Ikea cut sick pay to unvaccinated employees, forcing them to isolate themselves

Russell Hotten
BBC News

Published
Image source, Getty Images

Ikea reduced sick pay to employees with Covid exposure who needed to be isolated and, in certain cases, for employees who tested positive.

Although the retail giant admitted it was an emotional topic, it said that its policy must adapt to changing conditions.

Wessex Water will implement sick pay reductions starting this week. In the US, several large companies have begun penalizing unjabbed employees.

This happens as companies struggle to cope with rising costs and mass staff absenteeism.

At Ikea unvaccinated workers who are required to isolate could now receive as little as £96.35 a week – the Statutory Sick Pay (SSP) minimum.

A worker who has not had their vaccinations and is positive for Covid can be denied full sick leave. However, the company stated that it will look at individual cases to decide if they should receive any additional sick pay.

Ikea claimed that infected workers would not be allowed to work if they were in the clear. They will then have to look over their absence records and make a decision about sick pay.

Average wages at Ikea are between about £400 and £450, depending on location and, as is the case at many companies, staff get enhanced sick pay. Mail first reported the news on Sunday.

Ikea, which employs about 10,000 people in the UK, said in a statement: “Fully vaccinated co-workers or those with mitigating circumstances will receive full pay for self-isolations. 

“Unvaccinated co-workers will be paid in line with our company absence policy for self-isolation, with close-contact isolation being paid at Statutory Sick Pay. 

We understand that this topic is emotional and will consider all situations individually. Therefore, anyone who is unsure or is concerned should speak with their manager.

  • The shortage of Covid employees will not abate in the New Year
  • Ikea raises prices because of supply shortage

England allows people to self-isolate who have received at least two doses of vaccine. Law requires that unvaccinated persons who are contacted via the government’s test-and trace system be kept isolated.

Many businesses complained of labour shortages through 2021. However, many are now experiencing widespread absences from the Omicron Covid strain.

Boris Johnson, the Prime Minister, stated Monday that Omicron data showed that Omicron was still affecting the most severely affected people.

Wessex Water is changing its rules regarding sick pay.

Employees without at least one Covid-19 vaccine – or who do not have a medical reason for not getting it – will only get statutory sick pay, unless they are required to be isolated due to contact with someone positive.

Wessex Water spokeswoman said that absences rose this year.

“Absences caused by Covid have increased by two-thirds in the past week. We need all to be present so that we can provide continuous essential water services and sewerage services.”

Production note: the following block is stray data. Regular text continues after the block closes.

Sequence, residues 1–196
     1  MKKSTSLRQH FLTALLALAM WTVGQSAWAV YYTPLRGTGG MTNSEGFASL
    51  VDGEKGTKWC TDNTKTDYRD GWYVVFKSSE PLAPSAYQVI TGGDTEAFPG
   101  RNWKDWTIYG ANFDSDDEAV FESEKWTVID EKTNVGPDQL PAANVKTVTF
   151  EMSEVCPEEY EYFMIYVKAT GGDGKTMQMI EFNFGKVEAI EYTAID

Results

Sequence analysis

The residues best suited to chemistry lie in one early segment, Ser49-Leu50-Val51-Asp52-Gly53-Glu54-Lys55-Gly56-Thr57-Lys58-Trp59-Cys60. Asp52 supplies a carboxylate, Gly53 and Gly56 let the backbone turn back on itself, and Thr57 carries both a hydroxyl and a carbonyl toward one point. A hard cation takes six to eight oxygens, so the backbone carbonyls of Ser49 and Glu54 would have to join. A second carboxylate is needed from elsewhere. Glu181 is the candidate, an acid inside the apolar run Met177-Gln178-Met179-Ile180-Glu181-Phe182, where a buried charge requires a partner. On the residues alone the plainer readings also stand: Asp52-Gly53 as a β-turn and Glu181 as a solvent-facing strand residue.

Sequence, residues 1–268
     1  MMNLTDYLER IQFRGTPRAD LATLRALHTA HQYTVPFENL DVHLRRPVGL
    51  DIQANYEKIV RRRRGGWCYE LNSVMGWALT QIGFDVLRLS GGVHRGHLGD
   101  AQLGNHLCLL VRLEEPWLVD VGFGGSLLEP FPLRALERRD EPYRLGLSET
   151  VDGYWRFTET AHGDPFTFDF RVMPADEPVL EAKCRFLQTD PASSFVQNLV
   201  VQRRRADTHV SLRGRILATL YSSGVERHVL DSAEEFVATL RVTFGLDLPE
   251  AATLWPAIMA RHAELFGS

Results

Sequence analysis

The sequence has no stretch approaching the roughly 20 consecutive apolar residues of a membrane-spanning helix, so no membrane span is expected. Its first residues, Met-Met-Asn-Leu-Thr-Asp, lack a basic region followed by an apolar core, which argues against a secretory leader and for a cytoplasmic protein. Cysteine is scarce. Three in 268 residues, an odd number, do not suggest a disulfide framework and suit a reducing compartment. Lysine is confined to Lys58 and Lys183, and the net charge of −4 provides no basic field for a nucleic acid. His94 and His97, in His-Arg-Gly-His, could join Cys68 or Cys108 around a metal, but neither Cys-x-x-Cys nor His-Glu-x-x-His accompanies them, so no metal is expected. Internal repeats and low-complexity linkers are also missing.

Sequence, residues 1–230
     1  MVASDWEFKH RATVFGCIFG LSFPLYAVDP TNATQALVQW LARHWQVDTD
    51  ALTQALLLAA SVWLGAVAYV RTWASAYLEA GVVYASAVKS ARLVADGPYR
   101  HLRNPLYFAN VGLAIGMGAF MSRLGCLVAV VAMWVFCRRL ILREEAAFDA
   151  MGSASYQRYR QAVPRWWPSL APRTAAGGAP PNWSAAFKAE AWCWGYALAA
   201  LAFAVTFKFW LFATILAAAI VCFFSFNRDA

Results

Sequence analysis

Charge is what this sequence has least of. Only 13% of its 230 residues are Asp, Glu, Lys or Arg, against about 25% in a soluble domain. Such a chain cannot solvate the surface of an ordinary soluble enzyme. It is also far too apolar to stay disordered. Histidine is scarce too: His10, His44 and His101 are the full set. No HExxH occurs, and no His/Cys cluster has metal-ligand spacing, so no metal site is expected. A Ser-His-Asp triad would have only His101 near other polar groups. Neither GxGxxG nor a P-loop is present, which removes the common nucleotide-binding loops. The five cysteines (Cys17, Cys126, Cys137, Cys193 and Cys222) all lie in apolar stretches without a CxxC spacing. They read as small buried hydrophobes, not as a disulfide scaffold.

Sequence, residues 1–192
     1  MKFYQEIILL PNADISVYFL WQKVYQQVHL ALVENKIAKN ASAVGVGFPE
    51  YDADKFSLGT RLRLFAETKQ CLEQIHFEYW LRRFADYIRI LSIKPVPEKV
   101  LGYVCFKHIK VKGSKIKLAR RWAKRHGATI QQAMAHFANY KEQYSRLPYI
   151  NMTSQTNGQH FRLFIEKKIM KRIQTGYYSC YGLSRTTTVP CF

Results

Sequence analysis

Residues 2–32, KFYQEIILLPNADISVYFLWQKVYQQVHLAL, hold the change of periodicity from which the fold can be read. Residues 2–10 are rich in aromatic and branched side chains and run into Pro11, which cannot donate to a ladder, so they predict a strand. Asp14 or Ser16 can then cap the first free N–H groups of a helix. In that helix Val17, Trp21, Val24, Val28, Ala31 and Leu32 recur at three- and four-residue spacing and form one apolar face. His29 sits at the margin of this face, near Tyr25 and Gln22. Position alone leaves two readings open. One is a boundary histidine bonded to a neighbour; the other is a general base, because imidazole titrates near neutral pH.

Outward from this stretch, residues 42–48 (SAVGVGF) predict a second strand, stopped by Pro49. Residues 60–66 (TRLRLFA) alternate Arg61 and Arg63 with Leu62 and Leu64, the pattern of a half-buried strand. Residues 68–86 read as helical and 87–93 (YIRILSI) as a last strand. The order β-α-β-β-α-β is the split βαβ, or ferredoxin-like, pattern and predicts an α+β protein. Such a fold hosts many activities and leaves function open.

Legal Risks

Company claimed that it hadn’t furloughed employees during pandemics and that self-isolating workers had been paid full wages.

The sick pay terms for supermarket Morrisons were cut last year. Several other companies, such as Citigroup and banking giant Citigroup introduced “no jabs, no jobs” policies. Delta Airlines introduced a surcharge for unvaccinated employees as part of its healthcare program.

Ben Willmott from the Chartered Institute of Personnel and Development, Head of Public Policy (CIPD), stated to the BBC there were pros and con’s with changing sick pay terms.

It could encourage staff to get vaccinated, but others might be less likely to test themselves or self-isolate because they could not afford time off work at the statutory rate of about £96.

Official guidance for his organisation did not differentiate between employees. The consequences of this could be complicated and may lead to legal complications.

He said that you would need to handle it individually because there are legal risks.

David Josephs (head of All Greens food retailer and importer) told BBC earlier this month that some staff were disregarding Covid rules because they had financial concerns.

“We are aware that many employees in this sector do not receive sick pay. “Ours do, but those on short-term contracts or minimum wage can’t afford to miss work,” he stated.

Sarah Ozanne of CMS is an employment lawyer. She also warns of complicated legal issues.

“This is the action [by Ikea]It seems to be more of an immediate reaction to staff shortages.

Employers should evaluate whether the actions they take are appropriate to achieve their goal of getting workers back to work.

Does your company offer sick leave for staff who have not been vaccinated? What do you think? Send an email [email protected].

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Source: BBC.com

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